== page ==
Hailing from Liverpool, Williams arrived in Montrose in January 2017 with extensive experience of world news. He had been managing editor of international news at ABC for almost four years, leading its reporting of the war in Ukraine, the European refugee crisis and the coverage of the Isis terrorist attacks in Europe. Before this he served as the BBC’s world news editor for seven years, managing 200 staff in 30 countries.
“There is no greater responsibility than sending someone into a hostile environment,” he says. “Ultimately, one person signs off on them going, and you then carry the responsibility for them, so bringing them home again is incredibly important.”
His involvement with the CPJ springs from the kidnapping of BBC journalist Alan Johnston in Gaza in 2007. “I spent 114 days of my life trying to get Alan back,” he says. During those intense days the CPJ was “incredibly generous” with its time and advice. “When Alan got out, I promised myself that I would return the generosity.”
The majority of journalists who are killed are working locally. The deaths of journalists on international assignments – such as Marie Colvin of the Sunday Times or Simon Cumbers, an Irish cameraman for the BBC who died of gunshot wounds in Saudi Arabia in 2004 – are exceptions to the rule.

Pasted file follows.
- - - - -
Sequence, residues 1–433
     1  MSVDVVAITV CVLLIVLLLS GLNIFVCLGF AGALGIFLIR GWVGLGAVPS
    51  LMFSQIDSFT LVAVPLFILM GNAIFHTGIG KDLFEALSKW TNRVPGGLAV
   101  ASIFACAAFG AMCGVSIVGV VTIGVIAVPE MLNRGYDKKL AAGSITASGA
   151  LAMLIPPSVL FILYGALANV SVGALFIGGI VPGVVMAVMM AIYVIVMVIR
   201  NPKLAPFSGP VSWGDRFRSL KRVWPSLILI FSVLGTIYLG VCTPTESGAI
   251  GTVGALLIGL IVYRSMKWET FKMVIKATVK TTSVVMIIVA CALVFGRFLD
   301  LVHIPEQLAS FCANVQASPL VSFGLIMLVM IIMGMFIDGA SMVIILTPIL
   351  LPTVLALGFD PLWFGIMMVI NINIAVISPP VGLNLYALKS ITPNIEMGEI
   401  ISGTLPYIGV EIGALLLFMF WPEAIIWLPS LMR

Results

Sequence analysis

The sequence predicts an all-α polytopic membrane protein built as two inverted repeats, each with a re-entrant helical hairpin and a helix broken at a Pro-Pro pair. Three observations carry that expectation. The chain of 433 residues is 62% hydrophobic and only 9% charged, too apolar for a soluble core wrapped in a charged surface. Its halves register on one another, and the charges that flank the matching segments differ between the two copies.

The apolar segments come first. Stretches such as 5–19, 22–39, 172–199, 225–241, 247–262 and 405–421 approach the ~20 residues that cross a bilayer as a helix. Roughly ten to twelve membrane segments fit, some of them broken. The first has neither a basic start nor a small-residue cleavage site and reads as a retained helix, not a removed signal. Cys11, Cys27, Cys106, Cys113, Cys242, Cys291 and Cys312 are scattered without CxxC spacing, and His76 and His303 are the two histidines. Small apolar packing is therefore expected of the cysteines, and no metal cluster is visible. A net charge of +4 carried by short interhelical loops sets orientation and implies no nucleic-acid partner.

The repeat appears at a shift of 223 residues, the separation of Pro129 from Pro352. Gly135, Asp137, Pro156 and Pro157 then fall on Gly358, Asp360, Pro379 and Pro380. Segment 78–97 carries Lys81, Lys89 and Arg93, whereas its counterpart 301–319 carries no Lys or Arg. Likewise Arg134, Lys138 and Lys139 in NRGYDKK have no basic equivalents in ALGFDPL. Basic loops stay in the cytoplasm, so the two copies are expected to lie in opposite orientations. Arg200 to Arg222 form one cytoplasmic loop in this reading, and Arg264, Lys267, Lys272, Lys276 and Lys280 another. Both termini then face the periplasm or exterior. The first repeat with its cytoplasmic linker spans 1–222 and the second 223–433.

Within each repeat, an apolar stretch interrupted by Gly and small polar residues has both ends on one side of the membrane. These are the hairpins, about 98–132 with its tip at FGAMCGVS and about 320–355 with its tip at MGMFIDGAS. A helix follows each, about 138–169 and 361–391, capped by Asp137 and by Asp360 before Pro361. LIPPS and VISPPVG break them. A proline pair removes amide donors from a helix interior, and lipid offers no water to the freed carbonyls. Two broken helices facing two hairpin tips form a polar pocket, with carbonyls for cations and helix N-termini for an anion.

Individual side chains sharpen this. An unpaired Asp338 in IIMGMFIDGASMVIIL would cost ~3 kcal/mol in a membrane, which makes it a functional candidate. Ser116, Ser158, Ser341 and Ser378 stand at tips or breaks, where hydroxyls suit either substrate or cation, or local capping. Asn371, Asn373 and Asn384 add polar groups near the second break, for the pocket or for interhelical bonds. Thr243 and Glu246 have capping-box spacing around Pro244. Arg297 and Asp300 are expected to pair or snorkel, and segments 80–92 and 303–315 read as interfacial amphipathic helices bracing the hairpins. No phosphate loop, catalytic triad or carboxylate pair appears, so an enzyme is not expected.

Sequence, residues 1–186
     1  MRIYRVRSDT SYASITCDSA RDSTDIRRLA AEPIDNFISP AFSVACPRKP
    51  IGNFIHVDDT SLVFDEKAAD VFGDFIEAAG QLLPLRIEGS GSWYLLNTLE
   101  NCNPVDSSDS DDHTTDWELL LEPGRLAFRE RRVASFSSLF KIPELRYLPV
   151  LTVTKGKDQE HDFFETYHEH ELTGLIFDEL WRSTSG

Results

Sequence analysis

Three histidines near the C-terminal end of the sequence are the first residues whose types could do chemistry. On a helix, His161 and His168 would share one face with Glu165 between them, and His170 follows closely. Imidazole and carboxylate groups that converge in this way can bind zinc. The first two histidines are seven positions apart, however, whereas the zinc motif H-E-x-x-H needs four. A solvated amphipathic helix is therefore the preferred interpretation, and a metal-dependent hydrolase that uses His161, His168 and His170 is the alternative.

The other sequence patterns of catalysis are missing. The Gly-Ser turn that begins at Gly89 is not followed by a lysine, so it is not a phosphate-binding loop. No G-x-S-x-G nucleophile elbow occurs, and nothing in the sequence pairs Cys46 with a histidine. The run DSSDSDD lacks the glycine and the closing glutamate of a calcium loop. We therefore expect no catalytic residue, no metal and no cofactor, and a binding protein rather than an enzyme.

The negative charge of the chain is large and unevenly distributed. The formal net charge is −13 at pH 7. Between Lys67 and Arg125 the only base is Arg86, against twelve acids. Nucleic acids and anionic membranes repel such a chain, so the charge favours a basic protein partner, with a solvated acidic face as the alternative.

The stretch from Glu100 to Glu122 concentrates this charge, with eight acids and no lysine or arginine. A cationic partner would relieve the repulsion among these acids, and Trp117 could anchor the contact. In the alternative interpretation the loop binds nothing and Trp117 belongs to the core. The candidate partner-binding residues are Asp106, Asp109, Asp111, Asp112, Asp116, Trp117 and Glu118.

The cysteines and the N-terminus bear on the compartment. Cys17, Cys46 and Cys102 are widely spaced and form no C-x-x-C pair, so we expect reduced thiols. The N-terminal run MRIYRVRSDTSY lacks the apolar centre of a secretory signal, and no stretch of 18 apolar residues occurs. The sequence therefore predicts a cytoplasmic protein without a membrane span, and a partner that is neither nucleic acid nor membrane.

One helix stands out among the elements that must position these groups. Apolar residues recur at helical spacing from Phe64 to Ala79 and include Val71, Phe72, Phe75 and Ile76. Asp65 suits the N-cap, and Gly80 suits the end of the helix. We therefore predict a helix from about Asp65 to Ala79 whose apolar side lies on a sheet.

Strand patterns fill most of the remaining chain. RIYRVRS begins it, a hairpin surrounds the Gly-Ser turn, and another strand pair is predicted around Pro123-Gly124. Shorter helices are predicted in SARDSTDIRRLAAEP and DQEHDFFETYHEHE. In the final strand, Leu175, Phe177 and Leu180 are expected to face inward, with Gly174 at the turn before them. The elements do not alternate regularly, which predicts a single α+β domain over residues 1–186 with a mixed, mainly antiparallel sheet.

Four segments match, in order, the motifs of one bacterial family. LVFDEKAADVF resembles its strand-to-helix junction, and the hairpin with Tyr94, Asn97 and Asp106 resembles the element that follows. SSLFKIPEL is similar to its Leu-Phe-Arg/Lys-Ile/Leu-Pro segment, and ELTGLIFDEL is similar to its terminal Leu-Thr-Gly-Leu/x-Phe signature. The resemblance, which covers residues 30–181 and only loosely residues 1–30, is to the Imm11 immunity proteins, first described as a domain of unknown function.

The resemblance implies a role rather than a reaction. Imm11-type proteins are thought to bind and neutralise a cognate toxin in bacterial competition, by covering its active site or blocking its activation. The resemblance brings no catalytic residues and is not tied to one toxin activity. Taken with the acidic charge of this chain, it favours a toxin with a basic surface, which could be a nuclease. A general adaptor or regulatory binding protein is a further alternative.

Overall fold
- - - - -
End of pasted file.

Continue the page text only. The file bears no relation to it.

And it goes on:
In the absence of fresh military conflicts the number of journalist deaths declined in 2017 for the second year, after reaching record highs earlier in the decade. There were a “few very bad years”, Williams says. Reporting from a conflict zone is “inherently dangerous” and often the most that can be done is to mitigate rather than eliminate the risk.
“In Libya a combination of geography and technology meant a whole generation of people decided they could go and be war correspondents,” he says. A relatively short flight, a taxi to Tunisia, “and suddenly you’re a war correspondent” is how he describes it. “And we saw wars are not places to learn on the job.”
Is it the case that media organisations have too readily accepted work from freelance reporters without asking the necessary hard questions about the risks they are taking?
“That may have been true at one stage. I think that the Iraq war was a game-changer for international news organisations,” he says.
At the BBC, at ABC and at RTÉ he is clear that he makes no distinctions between freelances and staff. If freelances are commissioned, “you cannot put a sheet of paper” between the principles that apply to them and the principles that apply to staff in terms of protective equipment, risk assessment and financial payout if something goes wrong.
“If someone was to come to me today and say ‘I’m going to Yemen, will you commission me to do a story?’ I think my answer would be no, because we cannot guarantee that we could mitigate the risk to them. If we could we would have gone ourselves.”